Arthur Wellesley (1769-1852), first Duke of Wellington, was the British general who defeated Napoleon in 1815 and was thereafter among the men most honored by his country during his lifetime. His career included service as prime minister (1828-1830) and later as commander in chief of the army. Known as the "Iron Duke," and famous for his uncompromising principles, he is often cited as an example of the best of the aristocracy.
Another such example that sounds a bit strange to American ears is the marquis Charles Cornwallis, whose surrender at Yorktown in 1781 convinced the politicians that the American Revolution could not be won (that's a tale for a later day).
Wellington was in his office one day when the door flew open and a man entered, crying:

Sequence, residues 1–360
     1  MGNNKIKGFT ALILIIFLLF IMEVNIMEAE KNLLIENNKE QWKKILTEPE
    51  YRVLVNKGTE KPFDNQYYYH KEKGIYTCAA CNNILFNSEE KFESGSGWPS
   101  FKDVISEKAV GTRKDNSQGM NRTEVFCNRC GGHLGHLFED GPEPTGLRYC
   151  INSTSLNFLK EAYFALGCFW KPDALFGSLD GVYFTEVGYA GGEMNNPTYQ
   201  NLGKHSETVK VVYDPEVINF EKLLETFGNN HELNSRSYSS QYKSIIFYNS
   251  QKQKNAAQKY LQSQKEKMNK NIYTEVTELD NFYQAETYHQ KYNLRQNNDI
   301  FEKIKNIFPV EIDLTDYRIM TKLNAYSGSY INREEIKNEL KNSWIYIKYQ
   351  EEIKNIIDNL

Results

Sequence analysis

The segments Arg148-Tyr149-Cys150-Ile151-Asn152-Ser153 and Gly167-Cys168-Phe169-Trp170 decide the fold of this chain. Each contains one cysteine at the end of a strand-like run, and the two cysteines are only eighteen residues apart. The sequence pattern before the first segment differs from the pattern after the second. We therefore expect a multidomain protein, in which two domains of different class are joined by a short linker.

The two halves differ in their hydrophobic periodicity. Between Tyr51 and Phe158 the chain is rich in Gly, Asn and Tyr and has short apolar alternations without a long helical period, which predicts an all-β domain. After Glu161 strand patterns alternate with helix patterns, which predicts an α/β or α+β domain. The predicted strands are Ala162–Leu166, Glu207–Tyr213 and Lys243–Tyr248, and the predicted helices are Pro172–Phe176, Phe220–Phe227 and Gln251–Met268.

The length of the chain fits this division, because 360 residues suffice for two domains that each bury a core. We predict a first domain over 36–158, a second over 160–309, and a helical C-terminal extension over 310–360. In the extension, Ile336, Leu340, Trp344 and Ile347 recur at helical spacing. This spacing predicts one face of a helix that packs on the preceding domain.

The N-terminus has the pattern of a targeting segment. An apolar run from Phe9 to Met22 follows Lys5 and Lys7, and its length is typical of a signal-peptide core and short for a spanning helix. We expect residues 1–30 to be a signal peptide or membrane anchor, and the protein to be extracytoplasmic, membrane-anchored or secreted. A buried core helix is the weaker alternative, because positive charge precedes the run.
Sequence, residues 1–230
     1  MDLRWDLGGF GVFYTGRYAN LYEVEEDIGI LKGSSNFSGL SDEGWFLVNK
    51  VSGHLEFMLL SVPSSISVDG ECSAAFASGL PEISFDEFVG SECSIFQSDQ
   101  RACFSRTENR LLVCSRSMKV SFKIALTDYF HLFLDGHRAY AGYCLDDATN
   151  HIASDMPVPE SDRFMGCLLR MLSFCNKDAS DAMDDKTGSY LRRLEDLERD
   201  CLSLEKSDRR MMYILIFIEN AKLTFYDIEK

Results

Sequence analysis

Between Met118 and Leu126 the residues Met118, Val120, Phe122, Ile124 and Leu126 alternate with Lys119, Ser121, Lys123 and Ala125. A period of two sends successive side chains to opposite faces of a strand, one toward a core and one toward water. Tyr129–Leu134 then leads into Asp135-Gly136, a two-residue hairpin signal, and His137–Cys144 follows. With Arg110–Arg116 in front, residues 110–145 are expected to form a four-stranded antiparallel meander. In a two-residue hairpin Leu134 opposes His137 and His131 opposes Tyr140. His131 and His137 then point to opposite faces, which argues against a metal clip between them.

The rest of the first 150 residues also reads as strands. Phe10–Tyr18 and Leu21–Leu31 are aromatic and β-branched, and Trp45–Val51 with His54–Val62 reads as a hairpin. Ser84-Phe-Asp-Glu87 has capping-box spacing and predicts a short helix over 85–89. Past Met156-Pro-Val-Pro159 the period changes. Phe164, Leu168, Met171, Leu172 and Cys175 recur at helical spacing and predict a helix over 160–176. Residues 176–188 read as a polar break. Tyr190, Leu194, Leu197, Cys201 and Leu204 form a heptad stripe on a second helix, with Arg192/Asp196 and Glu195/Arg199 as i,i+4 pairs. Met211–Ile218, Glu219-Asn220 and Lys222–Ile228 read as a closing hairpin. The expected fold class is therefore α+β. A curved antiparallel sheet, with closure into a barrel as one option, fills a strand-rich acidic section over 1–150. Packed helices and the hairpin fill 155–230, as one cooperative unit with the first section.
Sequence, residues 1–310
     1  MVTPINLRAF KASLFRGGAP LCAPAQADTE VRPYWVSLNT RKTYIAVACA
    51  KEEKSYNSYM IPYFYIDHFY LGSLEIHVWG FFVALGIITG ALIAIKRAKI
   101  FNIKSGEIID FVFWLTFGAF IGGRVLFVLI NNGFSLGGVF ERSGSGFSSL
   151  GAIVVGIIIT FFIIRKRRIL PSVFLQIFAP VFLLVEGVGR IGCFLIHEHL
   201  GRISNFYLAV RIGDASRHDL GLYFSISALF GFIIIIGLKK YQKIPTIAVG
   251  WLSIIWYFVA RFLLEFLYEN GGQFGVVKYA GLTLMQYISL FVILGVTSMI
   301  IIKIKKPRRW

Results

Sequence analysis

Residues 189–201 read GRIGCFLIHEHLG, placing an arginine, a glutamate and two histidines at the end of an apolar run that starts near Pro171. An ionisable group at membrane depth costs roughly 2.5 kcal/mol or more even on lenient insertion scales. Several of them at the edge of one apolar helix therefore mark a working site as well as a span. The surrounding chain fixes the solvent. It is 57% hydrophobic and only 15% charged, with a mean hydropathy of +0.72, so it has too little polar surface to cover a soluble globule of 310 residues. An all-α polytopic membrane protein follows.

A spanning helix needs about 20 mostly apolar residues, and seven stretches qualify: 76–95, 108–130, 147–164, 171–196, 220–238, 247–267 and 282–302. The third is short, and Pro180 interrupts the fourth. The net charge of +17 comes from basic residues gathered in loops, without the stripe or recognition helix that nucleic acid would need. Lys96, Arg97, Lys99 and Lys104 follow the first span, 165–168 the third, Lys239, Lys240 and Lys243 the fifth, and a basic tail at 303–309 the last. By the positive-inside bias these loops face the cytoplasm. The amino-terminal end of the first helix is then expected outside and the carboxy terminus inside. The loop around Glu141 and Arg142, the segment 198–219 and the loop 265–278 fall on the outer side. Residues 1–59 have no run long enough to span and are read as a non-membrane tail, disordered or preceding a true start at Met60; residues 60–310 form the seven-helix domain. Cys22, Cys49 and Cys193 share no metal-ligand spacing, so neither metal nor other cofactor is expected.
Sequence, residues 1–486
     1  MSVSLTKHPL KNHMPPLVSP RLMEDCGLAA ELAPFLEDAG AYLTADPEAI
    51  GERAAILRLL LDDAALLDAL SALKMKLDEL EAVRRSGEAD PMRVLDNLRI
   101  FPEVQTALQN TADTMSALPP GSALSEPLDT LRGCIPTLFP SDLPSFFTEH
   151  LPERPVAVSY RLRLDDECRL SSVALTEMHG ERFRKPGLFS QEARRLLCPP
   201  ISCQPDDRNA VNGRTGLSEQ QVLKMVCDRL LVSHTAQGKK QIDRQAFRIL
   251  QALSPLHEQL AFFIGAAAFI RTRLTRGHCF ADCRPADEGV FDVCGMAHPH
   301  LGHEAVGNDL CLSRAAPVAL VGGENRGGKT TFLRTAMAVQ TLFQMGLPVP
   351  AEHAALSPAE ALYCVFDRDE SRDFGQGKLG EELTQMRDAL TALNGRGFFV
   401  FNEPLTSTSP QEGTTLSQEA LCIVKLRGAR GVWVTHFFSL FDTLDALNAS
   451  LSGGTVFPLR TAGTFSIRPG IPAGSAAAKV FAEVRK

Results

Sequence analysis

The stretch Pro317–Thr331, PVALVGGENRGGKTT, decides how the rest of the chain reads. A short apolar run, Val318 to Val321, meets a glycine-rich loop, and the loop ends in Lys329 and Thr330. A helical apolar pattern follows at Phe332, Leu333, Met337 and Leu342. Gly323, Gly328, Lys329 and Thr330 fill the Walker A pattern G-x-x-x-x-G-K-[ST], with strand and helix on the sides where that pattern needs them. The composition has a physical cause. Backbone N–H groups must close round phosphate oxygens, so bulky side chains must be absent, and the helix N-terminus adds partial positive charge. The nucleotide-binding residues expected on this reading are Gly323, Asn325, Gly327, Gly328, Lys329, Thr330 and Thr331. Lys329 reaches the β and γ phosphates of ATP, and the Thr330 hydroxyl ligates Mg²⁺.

"I must kill you."
Wellington did not raise his head from his papers.
"Does it have to be today," said he.
The fellow look confused.
"Well, they didn't tell me ... but soon, surely."
"Good," came the reply. "Later then; I'm busy at the moment."
The man withdrew and was taken in charge by the authorities.
-----------------A Final Thought ...
"I don't know what effect these men will have upon the enemy, but, they terrify me."
- Arthur Wellesley, first Duke of Wellington (1769-1852), British soldier, prime minister; speaking of his generals